It is dispiriting to think back to the Second World War when in 1940, still suffering from the lack of preparation, we could yet launch, just, enough fighters each day to defend us against very large fleets of well-escorted bombers, and then later to when we could send, each night, raids of a thousand bombers flown by a thousand pilots to attack the enemy factories, and then to appreciate that there were only eight pilots to fly the RAF’s shiny new frontline fighter-bombers against Libya.

And the cost of all this?  When a representative of the MoD told the Public Accounts Committee in the House of Commons that the Typhoons were costing only £72 million each, one of the committee members told him that if we divided the full programme cost by the 107 Typhoons we would have accumulated by 2017, then we were paying £186 million each.  Ah, yes, but for that figure, he was told, it was necessary to include the cost of research and development.  One wonders who he thought was to pay for that.  The tooth fairy or the taxpayers?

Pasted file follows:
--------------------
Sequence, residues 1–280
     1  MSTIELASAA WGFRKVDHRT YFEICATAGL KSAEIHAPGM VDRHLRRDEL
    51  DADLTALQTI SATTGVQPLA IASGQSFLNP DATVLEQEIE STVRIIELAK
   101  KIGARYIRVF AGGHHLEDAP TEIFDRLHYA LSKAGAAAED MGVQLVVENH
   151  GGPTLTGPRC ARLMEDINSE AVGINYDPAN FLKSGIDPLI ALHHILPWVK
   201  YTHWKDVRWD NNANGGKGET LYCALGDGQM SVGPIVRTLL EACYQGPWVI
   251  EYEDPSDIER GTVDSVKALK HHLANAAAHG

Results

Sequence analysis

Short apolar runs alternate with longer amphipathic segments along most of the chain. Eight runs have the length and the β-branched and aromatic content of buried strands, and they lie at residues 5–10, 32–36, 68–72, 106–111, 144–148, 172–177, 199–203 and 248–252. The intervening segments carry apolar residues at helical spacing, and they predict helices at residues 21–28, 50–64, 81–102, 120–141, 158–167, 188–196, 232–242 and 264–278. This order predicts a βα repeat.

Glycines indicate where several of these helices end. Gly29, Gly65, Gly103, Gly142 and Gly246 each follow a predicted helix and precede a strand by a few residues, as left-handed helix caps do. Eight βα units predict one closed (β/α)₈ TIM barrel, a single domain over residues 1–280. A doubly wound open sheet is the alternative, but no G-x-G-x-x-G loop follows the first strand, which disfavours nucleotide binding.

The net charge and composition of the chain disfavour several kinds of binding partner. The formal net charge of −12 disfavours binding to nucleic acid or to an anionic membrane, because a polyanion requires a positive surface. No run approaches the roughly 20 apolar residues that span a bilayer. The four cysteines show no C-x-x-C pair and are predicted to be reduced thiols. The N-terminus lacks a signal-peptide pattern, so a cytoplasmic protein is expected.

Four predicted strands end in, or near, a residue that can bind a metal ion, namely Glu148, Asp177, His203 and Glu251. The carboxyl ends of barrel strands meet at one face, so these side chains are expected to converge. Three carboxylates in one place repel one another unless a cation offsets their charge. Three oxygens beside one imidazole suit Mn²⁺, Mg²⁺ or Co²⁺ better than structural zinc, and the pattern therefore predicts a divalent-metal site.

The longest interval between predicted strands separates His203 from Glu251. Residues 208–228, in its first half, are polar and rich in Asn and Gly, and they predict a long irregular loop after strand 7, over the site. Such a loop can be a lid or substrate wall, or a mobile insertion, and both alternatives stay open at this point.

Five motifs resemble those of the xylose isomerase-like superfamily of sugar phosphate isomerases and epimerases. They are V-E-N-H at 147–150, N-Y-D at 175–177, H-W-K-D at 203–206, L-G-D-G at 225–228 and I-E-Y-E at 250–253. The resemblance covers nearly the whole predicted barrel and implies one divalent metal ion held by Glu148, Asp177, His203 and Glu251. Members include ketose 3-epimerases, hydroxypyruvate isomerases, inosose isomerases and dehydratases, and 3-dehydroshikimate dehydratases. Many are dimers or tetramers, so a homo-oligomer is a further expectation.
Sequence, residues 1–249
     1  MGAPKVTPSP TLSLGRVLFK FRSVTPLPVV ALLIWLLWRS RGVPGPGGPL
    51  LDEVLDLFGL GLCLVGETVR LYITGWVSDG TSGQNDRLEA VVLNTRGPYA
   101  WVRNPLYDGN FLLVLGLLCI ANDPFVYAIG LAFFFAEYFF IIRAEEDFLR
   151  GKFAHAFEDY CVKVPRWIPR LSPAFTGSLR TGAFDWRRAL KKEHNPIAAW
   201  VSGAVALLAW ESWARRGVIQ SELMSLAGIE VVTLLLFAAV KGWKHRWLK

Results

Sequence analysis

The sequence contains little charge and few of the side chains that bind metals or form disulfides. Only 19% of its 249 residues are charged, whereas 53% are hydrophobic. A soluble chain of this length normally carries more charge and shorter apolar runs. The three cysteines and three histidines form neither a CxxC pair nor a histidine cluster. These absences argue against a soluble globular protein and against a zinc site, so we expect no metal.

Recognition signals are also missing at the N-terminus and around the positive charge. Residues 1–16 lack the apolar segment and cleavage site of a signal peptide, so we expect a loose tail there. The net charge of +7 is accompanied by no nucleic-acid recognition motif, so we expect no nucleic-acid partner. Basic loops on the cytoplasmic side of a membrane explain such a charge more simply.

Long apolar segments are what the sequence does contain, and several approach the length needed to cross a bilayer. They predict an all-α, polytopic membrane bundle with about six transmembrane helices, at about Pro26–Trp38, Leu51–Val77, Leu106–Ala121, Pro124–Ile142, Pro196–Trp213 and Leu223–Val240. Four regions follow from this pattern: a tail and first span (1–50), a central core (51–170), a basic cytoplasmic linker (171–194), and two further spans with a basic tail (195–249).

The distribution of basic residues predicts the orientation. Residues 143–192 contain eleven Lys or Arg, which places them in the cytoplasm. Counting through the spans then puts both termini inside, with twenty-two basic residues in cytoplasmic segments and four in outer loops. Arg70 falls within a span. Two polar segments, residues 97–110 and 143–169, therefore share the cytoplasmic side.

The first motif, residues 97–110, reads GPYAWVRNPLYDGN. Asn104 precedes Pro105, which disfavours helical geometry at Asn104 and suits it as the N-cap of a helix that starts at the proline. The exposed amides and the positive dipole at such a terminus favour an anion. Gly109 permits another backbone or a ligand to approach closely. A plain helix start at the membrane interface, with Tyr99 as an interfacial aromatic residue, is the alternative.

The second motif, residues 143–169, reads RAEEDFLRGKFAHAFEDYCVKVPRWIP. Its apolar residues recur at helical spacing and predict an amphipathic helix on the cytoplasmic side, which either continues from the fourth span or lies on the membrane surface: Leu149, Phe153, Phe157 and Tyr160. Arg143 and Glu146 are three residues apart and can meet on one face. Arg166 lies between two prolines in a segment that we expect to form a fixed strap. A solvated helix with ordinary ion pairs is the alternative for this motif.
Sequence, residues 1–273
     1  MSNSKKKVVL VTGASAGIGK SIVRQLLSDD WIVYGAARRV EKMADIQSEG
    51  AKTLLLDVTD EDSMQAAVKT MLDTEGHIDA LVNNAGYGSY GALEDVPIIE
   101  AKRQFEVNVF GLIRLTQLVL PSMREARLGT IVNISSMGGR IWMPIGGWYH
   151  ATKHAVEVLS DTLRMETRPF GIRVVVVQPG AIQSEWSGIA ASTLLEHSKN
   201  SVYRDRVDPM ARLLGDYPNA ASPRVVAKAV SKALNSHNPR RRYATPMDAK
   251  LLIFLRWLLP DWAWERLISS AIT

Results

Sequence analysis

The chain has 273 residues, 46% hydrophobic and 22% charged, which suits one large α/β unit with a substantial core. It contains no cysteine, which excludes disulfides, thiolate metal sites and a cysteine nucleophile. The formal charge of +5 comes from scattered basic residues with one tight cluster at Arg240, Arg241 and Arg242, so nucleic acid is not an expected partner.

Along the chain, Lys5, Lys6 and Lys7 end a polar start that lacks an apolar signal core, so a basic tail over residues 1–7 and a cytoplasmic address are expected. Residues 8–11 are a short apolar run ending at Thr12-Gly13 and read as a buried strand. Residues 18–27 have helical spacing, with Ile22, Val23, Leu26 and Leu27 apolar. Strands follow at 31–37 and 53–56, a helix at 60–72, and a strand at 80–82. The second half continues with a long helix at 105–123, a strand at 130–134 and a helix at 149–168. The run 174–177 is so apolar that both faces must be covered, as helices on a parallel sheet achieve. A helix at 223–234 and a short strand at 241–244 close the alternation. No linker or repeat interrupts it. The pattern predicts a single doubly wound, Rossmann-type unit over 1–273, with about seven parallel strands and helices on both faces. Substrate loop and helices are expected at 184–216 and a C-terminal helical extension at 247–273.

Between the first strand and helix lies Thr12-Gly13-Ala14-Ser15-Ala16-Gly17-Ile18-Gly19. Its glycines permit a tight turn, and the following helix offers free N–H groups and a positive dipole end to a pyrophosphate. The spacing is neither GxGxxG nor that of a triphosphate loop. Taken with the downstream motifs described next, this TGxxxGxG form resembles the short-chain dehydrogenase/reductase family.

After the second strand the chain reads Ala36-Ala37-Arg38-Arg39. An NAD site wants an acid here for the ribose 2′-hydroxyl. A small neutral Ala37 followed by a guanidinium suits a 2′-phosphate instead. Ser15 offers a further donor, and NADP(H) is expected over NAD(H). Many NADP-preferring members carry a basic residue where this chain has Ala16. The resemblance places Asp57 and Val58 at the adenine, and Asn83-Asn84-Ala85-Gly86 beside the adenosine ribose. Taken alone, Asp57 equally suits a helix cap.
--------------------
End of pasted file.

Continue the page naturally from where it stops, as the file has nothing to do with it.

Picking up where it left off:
This fundamental incompetence in the interpretation of the numbers pushed around in the MoD has been well illustrated with the decommissioning of the Harriers and their sale to the US Marine Corps, with which they are planned to remain in use for several years, and for even longer if the F-35B, their theoretical replacement, fails so badly that even the White House must recognise it.  No one knows how much the F-35B will cost the Royal Navy, nor even how many will be bought, but the price will not be less than £125 million each.  This means that the sum received by the MoD for the sale of 72 Harriers plus spares plus support equipment, £110 million, is less than the currently forecast price the MoD will pay for one F-35B, one single F-35B without spares, in whose performance independent aviation defence analysts have no faith, absolutely no faith at all.